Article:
Sexual harassment is unwanted and unwelcome words, conduct, or behaviour of a sexual nature that has the purpose or effect of creating an intimidating, embarrassing, hostile, degrading, humiliating or offensive environment for the recipient. It is a misuse of personal or institutional power and often based on a person’s gender, although it is rarely about sexual desire.
Whether or not the harasser intended to be offensive is irrelevant. The limit of acceptable behaviour is up to the recipient to decide. A single incident or persistent behaviour can amount to harassment.
Sexual harassment can include – but is not limited to – catcalling, following, making unnecessary and unwanted physical contact, sexual jokes and comments, giving unwelcome personal gifts, wolf-whistling, leering, derogatory comments, unwelcome comments about a person’s body or clothing, asking unwelcome questions about a person’s sex life and/or sexuality, engaging in unwelcome sexual propositions, invitations and flirtation, making somebody feel uncomfortable through displaying or sharing sexual material.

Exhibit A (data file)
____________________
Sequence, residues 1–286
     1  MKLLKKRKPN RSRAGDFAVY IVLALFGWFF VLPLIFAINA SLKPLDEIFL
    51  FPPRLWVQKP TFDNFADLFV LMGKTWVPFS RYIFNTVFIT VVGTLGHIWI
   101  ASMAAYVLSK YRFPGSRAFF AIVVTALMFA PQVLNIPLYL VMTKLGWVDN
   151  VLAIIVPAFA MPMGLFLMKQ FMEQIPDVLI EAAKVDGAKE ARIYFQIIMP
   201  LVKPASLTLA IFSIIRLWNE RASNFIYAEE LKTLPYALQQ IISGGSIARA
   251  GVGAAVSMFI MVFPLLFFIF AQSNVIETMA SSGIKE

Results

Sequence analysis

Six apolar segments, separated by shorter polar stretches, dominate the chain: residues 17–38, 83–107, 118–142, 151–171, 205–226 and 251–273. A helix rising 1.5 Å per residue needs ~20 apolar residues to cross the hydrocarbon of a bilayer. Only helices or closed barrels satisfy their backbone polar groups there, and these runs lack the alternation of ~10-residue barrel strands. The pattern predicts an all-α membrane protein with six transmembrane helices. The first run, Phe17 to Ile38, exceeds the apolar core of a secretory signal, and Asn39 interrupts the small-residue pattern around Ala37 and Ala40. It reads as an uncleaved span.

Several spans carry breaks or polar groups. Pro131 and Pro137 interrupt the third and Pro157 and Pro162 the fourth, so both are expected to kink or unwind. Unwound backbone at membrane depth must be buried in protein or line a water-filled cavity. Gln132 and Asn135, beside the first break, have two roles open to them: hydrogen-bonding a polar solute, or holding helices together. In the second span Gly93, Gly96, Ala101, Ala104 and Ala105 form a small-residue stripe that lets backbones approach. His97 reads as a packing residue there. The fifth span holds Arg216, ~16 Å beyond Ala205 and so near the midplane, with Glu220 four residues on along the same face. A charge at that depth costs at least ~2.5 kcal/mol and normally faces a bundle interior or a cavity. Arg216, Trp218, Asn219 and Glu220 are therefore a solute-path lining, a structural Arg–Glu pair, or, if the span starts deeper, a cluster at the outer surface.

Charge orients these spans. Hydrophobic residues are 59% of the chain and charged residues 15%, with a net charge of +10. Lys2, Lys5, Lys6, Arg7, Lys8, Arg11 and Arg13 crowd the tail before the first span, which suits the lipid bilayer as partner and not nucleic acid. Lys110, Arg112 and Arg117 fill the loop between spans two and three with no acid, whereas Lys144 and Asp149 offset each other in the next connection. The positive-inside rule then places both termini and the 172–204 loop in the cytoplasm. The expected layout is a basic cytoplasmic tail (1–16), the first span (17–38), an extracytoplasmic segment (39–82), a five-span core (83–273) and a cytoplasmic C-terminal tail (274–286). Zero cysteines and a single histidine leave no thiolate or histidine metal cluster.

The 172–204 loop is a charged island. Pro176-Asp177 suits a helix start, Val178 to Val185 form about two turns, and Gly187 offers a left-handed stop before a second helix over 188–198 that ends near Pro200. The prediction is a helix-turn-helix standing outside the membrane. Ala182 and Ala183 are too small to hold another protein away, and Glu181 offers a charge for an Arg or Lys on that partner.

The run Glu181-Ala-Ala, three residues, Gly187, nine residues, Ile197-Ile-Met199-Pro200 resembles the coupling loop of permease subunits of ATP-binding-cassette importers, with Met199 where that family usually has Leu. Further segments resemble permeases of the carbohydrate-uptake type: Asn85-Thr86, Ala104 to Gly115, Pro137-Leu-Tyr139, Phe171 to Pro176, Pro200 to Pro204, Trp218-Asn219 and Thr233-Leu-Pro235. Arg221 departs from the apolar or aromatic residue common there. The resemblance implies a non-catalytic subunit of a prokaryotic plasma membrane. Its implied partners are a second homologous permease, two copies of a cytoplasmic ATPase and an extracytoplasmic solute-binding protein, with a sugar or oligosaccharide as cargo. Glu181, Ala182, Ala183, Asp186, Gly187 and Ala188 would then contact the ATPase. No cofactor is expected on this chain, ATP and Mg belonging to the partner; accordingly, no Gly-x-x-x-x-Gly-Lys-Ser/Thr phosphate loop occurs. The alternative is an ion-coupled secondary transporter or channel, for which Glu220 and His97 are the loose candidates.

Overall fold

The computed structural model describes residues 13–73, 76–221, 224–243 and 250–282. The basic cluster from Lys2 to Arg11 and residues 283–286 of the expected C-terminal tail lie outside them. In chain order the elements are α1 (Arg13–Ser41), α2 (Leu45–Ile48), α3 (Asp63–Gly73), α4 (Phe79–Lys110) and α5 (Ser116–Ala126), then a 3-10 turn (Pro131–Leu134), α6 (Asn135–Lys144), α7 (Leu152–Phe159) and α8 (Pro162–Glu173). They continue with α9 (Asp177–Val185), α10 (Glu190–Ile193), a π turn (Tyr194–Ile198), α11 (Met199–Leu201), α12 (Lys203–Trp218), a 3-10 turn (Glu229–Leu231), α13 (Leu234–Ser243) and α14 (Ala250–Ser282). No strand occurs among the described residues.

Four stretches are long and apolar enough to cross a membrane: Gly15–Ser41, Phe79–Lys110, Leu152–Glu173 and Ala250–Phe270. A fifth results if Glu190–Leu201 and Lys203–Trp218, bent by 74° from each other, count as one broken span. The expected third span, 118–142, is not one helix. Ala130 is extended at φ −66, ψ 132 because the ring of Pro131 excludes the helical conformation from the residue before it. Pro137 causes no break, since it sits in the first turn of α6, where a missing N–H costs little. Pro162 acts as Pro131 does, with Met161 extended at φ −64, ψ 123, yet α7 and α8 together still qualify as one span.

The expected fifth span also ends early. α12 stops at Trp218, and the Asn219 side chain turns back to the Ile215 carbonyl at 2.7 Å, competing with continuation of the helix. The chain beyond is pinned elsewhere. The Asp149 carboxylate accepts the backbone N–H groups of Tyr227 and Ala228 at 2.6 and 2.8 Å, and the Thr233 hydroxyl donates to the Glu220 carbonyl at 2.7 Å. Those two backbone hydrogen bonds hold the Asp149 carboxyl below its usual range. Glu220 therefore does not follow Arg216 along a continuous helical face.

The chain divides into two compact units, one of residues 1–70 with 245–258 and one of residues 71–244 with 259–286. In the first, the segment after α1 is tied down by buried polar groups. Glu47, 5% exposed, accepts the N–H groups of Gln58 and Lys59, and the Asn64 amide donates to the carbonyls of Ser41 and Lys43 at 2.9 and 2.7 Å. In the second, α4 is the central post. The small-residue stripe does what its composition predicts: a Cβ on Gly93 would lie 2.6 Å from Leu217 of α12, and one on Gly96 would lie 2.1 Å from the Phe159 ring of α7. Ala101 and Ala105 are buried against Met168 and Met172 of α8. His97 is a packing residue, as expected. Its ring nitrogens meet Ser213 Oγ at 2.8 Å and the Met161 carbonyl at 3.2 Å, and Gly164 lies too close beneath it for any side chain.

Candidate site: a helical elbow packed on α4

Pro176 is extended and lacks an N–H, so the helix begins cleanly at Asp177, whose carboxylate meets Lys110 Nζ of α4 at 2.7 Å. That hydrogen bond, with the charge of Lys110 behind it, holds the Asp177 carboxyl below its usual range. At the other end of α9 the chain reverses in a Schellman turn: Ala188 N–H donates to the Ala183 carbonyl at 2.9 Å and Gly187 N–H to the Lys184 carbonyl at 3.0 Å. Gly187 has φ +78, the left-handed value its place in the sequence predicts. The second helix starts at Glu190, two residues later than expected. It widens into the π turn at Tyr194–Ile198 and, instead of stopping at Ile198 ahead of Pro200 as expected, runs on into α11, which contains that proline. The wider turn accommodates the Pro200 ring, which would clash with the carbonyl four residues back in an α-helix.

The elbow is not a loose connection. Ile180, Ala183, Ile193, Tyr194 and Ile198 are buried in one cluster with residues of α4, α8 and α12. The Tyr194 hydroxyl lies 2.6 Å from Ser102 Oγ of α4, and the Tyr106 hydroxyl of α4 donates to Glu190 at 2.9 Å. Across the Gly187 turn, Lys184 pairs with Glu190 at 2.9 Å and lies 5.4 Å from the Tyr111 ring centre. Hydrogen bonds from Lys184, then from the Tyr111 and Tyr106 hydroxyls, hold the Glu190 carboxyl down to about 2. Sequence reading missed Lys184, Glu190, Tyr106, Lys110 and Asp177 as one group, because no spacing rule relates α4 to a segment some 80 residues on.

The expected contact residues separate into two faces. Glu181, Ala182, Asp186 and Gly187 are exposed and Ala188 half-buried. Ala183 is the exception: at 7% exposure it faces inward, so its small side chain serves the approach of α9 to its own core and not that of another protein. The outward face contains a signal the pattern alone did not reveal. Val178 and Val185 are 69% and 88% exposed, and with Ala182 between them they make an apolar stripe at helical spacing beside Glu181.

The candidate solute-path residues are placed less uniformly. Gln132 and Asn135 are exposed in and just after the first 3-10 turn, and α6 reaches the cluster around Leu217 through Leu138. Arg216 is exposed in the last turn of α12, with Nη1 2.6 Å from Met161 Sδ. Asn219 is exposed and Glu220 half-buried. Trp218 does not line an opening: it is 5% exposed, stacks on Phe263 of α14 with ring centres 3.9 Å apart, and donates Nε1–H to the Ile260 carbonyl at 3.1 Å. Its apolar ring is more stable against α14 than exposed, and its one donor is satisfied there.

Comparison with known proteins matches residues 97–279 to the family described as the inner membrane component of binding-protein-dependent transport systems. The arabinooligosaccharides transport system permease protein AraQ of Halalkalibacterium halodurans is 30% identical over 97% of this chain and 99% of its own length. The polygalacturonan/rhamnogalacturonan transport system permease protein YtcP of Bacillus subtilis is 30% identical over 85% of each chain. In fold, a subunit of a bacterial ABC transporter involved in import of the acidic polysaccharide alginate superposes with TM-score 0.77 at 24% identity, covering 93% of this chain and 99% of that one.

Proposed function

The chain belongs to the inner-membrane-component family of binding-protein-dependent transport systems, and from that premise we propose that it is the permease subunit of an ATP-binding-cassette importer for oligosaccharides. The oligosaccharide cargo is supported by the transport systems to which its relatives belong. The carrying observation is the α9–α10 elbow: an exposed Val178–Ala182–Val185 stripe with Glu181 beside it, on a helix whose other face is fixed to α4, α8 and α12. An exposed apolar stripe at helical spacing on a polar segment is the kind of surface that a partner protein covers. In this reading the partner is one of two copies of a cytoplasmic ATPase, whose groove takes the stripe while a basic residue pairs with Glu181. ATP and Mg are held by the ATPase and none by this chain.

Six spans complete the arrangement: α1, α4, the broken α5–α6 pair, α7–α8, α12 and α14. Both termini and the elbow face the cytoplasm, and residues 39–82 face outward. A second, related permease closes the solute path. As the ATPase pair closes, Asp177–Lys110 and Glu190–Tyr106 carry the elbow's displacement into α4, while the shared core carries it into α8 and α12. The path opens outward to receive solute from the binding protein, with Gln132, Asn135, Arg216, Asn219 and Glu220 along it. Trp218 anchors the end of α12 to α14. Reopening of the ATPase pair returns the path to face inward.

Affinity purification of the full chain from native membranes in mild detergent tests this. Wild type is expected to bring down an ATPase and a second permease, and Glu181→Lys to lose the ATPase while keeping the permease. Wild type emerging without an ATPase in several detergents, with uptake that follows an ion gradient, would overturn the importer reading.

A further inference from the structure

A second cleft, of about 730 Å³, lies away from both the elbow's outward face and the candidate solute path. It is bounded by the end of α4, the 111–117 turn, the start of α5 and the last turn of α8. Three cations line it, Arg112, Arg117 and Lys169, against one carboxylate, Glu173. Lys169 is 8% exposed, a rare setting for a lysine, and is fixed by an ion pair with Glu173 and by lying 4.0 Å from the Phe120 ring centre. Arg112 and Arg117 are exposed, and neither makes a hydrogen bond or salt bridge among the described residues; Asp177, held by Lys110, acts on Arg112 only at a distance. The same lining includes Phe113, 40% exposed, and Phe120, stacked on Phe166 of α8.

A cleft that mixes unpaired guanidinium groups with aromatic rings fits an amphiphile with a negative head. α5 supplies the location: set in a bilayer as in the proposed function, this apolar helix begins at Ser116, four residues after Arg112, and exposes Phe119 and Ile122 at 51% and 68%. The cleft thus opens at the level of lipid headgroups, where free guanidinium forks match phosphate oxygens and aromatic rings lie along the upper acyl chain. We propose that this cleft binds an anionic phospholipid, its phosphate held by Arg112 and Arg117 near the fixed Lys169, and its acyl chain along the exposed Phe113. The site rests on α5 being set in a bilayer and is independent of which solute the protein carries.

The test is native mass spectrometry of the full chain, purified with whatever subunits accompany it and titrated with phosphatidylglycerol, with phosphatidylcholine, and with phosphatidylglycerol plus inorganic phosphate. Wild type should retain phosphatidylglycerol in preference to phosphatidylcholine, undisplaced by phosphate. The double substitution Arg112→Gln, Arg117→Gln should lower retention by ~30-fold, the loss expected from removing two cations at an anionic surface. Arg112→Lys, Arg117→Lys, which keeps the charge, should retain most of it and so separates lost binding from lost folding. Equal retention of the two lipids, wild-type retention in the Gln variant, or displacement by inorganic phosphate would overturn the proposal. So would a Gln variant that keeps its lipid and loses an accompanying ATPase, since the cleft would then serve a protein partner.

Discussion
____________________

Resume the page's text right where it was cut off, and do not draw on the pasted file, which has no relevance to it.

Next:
Sexual harassment does not necessarily occur face-to-face – it can be in the form of emails, visual images (such as sexually explicit pictures on walls in a shared environment), social media, phone, text messages, and image-based sexual abuse such as revenge porn and upskirting.
Sexual harassment is a criminal offence and contrary to the university's disciplinary regulations.